Taking a rare look inside the Kentucky Army Guard’s centralized supply facility

Story and photos by Sgt. Paul Evans, 103rd Brigade Support Battalion Unit Public Affairs Historian Representative

Supply turn-in with the Kentucky Army National Guard

Staff Sgt. Steven Perry of Louisville, Ky. assists Staff Sgt. Chris Jarris of Ravenna, Ky., a Supply NCO with C Co. 1st Battalion, 149th Infantry Regiment with military equipment turn-in March 19, 2013 at the state’s Central Issue Facility (CIF) in Frankfort, Ky. Perry serves as one of a small number of supply technicians at CIF, which plays a key role in keeping equipment organized throughout the state’s Army National Guard. (Kentucky National Guard photo by Sgt. Paul Evans)

FRANKFORT, Ky. — “Forget logistics, you lose,” quoted Lt. Gen. Fredrick Franks during Operation Desert Storm over 20 years ago.

In the Kentucky Army National Guard, a small group of unsung heroes make sure its not forgotten today; issuing supplies to Kentucky Soldiers both at home and on the front lines around the world, while also making sure everything is accounted for when Soldiers decide it’s finally time to trade their Army boots for civilian shoes.

Founded in 2001, the Kentucky National Guard’s Central Issue Facility (CIF) in Frankfort helps make life easier on National Guard units in communities across the state by providing a centralized facility to coordinate the issuing of new military equipment and turn-in of old, broken, or obsolete equipment for individual Soldiers. With barely more than a half-dozen Soldiers, two of which are currently deployed, CIF takes on the large task associated with handling the logistics of more than 6,000 Soldiers’ gear.

Individual Soldiers’ equipment is just one of the many critical logistical elements the Kentucky National Guard must handle to maintain overall effectiveness serving the citizens of the Commonwealth that is often overlooked.

Sealing a box of supplies

Staff Sgt. Elgin Mershon of Campbellsville, Ky. prepares a box of supplies to be shipped to a Kentucky Army National Guard Unit at the Central Issue Facility (CIF) for the state’s Guard in Frankfort, Ky. March 19, 2013. Mershon has worked in CIF for about seven years and served in the military for a total of 25 years. (Kentucky National Guard photo by Sgt. Paul Evans)

“We issue out the gear the Soldier uses on a daily basis—well, on a weekend basis, mostly,” explained Staff Sgt. Elgin Mershon of Campbellsville, Ky., who serves as one of just a few supply technicians at CIF.“I don’t think they (Soldiers) could function without their gear. I think we do a pretty good job overall,” he added.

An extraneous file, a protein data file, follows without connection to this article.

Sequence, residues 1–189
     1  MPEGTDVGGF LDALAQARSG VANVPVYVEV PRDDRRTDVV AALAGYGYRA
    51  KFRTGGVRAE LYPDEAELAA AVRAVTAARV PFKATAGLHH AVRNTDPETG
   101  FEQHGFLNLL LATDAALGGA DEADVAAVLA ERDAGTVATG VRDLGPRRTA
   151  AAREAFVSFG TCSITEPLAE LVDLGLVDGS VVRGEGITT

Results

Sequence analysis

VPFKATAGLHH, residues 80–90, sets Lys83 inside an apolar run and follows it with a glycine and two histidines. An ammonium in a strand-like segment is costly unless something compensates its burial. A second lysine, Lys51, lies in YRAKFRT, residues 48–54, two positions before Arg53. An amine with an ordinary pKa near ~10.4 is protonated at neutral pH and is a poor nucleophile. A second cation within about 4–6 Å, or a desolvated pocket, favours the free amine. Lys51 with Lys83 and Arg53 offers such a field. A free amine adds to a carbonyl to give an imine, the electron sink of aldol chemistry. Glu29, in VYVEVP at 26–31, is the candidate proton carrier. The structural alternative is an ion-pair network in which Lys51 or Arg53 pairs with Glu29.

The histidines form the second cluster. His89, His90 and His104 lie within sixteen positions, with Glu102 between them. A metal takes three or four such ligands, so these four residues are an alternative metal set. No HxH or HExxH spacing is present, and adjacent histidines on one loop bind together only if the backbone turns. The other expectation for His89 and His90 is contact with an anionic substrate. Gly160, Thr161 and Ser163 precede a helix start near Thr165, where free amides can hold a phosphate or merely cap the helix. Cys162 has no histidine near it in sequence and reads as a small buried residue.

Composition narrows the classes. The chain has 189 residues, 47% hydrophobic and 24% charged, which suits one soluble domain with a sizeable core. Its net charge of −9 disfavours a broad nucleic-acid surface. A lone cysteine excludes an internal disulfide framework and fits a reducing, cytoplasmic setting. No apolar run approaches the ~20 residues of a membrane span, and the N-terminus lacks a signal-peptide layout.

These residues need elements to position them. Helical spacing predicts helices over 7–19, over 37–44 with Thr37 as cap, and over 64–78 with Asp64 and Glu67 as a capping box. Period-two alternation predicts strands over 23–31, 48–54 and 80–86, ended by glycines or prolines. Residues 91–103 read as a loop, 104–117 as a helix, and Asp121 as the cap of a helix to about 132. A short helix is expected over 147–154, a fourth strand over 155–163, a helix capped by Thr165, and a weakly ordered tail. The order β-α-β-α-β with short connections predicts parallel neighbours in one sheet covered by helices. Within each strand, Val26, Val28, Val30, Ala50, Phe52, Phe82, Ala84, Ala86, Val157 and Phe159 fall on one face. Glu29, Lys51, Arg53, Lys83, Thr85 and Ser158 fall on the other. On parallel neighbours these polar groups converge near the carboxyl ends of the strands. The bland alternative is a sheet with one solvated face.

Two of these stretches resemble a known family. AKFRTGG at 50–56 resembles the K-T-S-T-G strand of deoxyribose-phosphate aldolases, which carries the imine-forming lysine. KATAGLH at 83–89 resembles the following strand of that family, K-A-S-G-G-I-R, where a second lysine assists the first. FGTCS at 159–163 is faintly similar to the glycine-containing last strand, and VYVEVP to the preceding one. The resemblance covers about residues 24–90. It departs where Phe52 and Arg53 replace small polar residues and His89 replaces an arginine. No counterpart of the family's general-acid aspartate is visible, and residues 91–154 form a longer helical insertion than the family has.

Sgt. 1st Class Robert Woolums of Frankfort, Ky., who serves as the CIF Manager, has worked there since its establishment in 2001.

According to Woolums, the CIF handled more than 10,000 turn-ins of equipment valued at almost seven million dollars in 2012 alone. In addition to those staggering numbers, they filled more than 8,000 orders for Soldiers needing supplies that year.

CIF also plays a critical role in mobilizing Kentucky National Guard Soldiers to serve overseas, ensuring each Soldier has the individual equipment they need for specific deployments.

“In 2011, we did the 149th (Maneuver Enhancement Brigade’s deployment to Iraq), which was about 1,500 Soldiers,” Woolums recalled. “Last year, we mobilized around 1,000 Soldiers.”

“It’s taking a lot of responsibilities off the supply sergeants (in individual Units) because…before CIF, excess inventory was stored in their supply room,” Woolums noted regarding the CIF’s contribution to the Kentucky Guard.

“Now they (supply sergeants) put orders into the system. We’ll go out and pull it (off the shelf), box it up, and ship it boxed by name with the paperwork of the items that are in it. I think that helps a lot,” he added.

As with any organization, Woolums expressed what he believed to be the greatest challenge of CIF’s daunting task: “not having enough people. That’s my biggest issue is not having enough manpower with all we do,” he observed.

“I’m very proud (to be a part of the CIF),” Woolums concluded. “I love my job. I wouldn’t go anywhere else. I’ve been here since 2001 and this is probably where I’ll retire from.”

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